When I first meet with new bar or bat mitzvah students, I ask them to please define some simple terms in Judaism, terms that are familiar to them. This is a challenging exercise, one that teaches at the outset that simplicity does not imply ease.

One of the words I ask my young charges to define is "Torah." The question escapes my lips; a dubious smile appears on the youngster's face. I allow the question to linger in the air. Usually, an awkward silence ensues. Guesses are launched and shot down in succession, as eyes scan walls and ceilings for traces of a clue or perhaps a hidden portal home... Finally, both teacher and student embrace the stark reality and glorious respite brought about by three simple words: "I don't know."

The word Torah means "instruction." Another way of saying that is "teaching."

The Torah is not meant to be a history bookThe ability to summon up the correct definition to the word "Torah" may not be as important as the ability to properly contextualize the Torah in our lives, but these may in fact be two sides of the same coin. In other words: how many of us can say that Torah is the primary source of "instruction" or "teaching" in our lives?

If we were to list the areas of greatest concern in our lives (or things that take up the most space in our lives) we would find a diversity of items. Some things, however, I am sure would be quite common to many of us. They might be:

  1. marriage and dating
  2. career and money
  3. happiness
  4. health
  5. children
  6. recreation and fun
  7. personal development
  8. education
  9. politics
  10. friends and relatives
  11. global conflicts and environmental issues

If you'd like to, make your own list, or just use the list above. And for each item on the list, ask yourself the following simple questions: Do I look to the Torah as the principal source of guidance in this area of my life? Do I view the Torah as "instructional" or as "teachings" to personally apply?

If the Torah lacks relevance to us, and we do not associate it with the real-time, everyday parts of our lives, then there is a gap between what the Torah is intended to be and what it actually is in our lives.

The Torah is not meant to be a history book. It isn't meant to be a topic for academic research and university-style study. It isn't meant to be a cultural remnant. It isn't meant only for the Orthodox or the rabbis. The Torah is meant to be relevant. Relevant to each and every one of us; relevant to each and every area of our lives; relevant to our most noble dreams and to our most dishonorable indulgences.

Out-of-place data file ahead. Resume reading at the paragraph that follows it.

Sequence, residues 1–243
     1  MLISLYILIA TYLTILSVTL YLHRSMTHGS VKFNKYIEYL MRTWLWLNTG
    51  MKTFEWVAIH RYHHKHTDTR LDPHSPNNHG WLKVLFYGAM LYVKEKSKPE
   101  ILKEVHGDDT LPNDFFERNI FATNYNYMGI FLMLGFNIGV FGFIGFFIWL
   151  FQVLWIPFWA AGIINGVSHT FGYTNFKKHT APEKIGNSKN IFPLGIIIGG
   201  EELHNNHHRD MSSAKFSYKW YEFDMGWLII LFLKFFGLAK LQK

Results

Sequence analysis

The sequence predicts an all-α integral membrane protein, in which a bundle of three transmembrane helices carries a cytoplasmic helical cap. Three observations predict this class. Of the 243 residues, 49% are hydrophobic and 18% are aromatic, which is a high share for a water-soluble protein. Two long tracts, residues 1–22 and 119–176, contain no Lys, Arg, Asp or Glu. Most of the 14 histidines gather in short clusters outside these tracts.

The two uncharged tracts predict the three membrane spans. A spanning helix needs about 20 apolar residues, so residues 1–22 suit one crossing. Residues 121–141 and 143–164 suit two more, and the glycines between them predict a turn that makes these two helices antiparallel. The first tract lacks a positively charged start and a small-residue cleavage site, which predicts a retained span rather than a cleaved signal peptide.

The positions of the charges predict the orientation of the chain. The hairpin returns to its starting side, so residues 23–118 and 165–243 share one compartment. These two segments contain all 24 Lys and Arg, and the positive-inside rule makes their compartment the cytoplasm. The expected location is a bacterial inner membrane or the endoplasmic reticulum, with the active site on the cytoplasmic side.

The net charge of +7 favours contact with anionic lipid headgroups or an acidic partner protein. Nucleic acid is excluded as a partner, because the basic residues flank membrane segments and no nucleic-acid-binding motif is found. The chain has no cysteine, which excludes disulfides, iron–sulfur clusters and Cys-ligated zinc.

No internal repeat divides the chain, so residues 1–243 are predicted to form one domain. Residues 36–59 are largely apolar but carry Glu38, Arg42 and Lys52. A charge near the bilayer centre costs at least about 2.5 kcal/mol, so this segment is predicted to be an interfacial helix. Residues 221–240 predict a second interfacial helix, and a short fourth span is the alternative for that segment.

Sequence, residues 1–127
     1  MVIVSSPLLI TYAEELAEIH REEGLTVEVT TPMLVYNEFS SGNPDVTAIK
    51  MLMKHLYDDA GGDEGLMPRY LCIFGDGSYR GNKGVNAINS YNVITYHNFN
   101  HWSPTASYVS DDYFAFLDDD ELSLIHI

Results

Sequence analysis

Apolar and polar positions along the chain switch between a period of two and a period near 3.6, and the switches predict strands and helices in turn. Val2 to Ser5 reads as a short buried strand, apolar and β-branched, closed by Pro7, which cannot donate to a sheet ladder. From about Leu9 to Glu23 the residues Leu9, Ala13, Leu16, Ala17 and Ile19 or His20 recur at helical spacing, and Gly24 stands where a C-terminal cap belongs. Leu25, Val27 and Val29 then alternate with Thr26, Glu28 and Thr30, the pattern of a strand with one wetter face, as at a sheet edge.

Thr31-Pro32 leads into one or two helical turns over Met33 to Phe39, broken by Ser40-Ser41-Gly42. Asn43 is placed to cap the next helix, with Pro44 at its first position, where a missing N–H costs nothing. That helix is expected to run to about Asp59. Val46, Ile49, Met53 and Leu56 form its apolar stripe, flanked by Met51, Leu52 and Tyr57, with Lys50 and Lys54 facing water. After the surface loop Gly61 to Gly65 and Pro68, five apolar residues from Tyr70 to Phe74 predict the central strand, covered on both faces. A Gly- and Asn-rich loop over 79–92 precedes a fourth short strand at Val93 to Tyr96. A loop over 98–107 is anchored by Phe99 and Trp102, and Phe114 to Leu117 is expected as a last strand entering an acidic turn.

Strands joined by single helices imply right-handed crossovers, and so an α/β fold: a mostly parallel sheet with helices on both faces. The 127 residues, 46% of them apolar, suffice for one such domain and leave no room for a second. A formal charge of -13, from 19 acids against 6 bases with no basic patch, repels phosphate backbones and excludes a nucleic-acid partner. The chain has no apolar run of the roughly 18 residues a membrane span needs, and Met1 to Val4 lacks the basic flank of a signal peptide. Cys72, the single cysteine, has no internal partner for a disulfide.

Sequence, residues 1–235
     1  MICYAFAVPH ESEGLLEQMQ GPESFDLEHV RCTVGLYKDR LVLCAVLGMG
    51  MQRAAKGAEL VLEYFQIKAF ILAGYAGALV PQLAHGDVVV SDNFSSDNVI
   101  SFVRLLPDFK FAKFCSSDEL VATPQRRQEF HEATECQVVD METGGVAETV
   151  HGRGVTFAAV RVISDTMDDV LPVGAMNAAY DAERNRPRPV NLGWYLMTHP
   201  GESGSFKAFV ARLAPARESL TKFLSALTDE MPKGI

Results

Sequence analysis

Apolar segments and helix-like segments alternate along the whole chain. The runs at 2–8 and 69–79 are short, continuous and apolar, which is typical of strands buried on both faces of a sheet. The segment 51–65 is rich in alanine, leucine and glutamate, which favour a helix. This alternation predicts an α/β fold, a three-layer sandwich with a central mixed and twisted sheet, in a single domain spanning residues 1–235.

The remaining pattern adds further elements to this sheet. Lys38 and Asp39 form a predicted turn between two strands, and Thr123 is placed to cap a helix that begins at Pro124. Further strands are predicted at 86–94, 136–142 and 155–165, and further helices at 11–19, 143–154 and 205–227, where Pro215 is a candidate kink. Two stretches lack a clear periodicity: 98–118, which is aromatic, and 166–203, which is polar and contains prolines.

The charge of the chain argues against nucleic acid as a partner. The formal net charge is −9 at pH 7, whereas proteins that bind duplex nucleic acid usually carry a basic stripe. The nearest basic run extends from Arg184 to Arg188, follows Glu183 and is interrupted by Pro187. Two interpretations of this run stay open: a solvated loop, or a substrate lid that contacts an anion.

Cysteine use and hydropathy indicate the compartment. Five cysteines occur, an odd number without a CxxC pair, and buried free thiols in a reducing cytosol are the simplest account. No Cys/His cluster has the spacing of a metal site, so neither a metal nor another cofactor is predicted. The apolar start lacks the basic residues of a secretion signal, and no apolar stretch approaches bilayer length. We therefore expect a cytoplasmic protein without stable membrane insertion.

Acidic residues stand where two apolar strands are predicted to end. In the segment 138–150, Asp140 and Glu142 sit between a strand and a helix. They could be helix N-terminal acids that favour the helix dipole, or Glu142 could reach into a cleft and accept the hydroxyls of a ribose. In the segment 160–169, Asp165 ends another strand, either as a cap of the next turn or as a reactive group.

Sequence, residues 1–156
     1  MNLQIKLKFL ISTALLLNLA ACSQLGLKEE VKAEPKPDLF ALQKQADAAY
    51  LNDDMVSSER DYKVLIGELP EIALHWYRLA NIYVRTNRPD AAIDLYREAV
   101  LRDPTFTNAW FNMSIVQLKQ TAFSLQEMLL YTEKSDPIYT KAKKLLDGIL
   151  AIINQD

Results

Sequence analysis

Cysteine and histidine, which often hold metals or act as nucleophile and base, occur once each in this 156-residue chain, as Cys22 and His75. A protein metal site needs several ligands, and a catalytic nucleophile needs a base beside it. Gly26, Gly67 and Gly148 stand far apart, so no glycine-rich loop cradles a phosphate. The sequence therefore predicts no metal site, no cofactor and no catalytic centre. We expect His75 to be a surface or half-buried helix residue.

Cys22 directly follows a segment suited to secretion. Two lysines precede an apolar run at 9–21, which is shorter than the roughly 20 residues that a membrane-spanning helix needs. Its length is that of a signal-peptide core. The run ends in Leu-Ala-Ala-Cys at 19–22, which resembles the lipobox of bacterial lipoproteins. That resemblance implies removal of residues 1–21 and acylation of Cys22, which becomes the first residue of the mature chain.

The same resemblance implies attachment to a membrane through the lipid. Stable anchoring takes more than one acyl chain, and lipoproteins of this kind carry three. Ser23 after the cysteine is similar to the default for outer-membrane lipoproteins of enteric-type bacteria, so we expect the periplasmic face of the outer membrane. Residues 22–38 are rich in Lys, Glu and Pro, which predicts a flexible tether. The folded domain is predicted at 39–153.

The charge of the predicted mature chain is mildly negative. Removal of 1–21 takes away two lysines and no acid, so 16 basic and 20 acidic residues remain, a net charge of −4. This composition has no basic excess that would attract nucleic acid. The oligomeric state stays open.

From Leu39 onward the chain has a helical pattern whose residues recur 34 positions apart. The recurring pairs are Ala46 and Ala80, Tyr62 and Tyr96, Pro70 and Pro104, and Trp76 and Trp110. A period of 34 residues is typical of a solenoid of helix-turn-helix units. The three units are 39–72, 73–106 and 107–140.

We decide how we want our lives to be and then do our best to construct them on the canvas of realityThe famous Maggid of Dubno once told the story of a country boy whose fame as an archer had spread far and wide. A delegation of the finest archers traveled to his farm estate in order to see for themselves if the rumors were true. As they approached the estate, they observed hundreds upon hundreds of trees, each one painted with a target, and in the center of each bull's-eye there was a single arrow. Amazed at the sight, they asked the lad how it was that he had become such a fine shot. He replied plainly that he would shoot the arrow first and then paint the target around it.

Although this is a ludicrous way to become a sharpshooter, the story contains a great lesson about how to make Torah a part of our lives.

For many, the bull's-eye of life has been drawn and positioned. Every concern and ambition in life is painted on according to priority and value. We decide how we want our lives to be and then do our best to construct them on the canvas of reality. After the paint is dry, we attempt to shoot the arrow of Torah into the picture, to find the place where the Torah can fit harmoniously into the landscape of our values, our goals, our ideals, our lifestyle, our tastes and our definitions.

Like an archer's arrow piercing wood, forcing its presence into an otherwise serene and picturesque tree, thrashing its very target in its wake, Torah's presence in our lives appears with a resounding dissonance. Remarkable in its lack of relevance, deficient of urgency, unimportant in any practical context; at best the shot lands on the periphery; most often it misses the target entirely. We are left with a Torah we can't define and certainly not one that defines us.

Perhaps that is why we have seen the need to redefine Torah so that we can merge it into the context of our lives, somehow wishing that it would be the reflection of us and not the other way around. Will we force history's pen to write a new definition of Torah for a modern age, or will we one day see that Torah has been the author all the while?

Can we find the strength to bridge the gap of relevance? The courage to face the Torah as our guide; to question, to learn, to seek, and to find?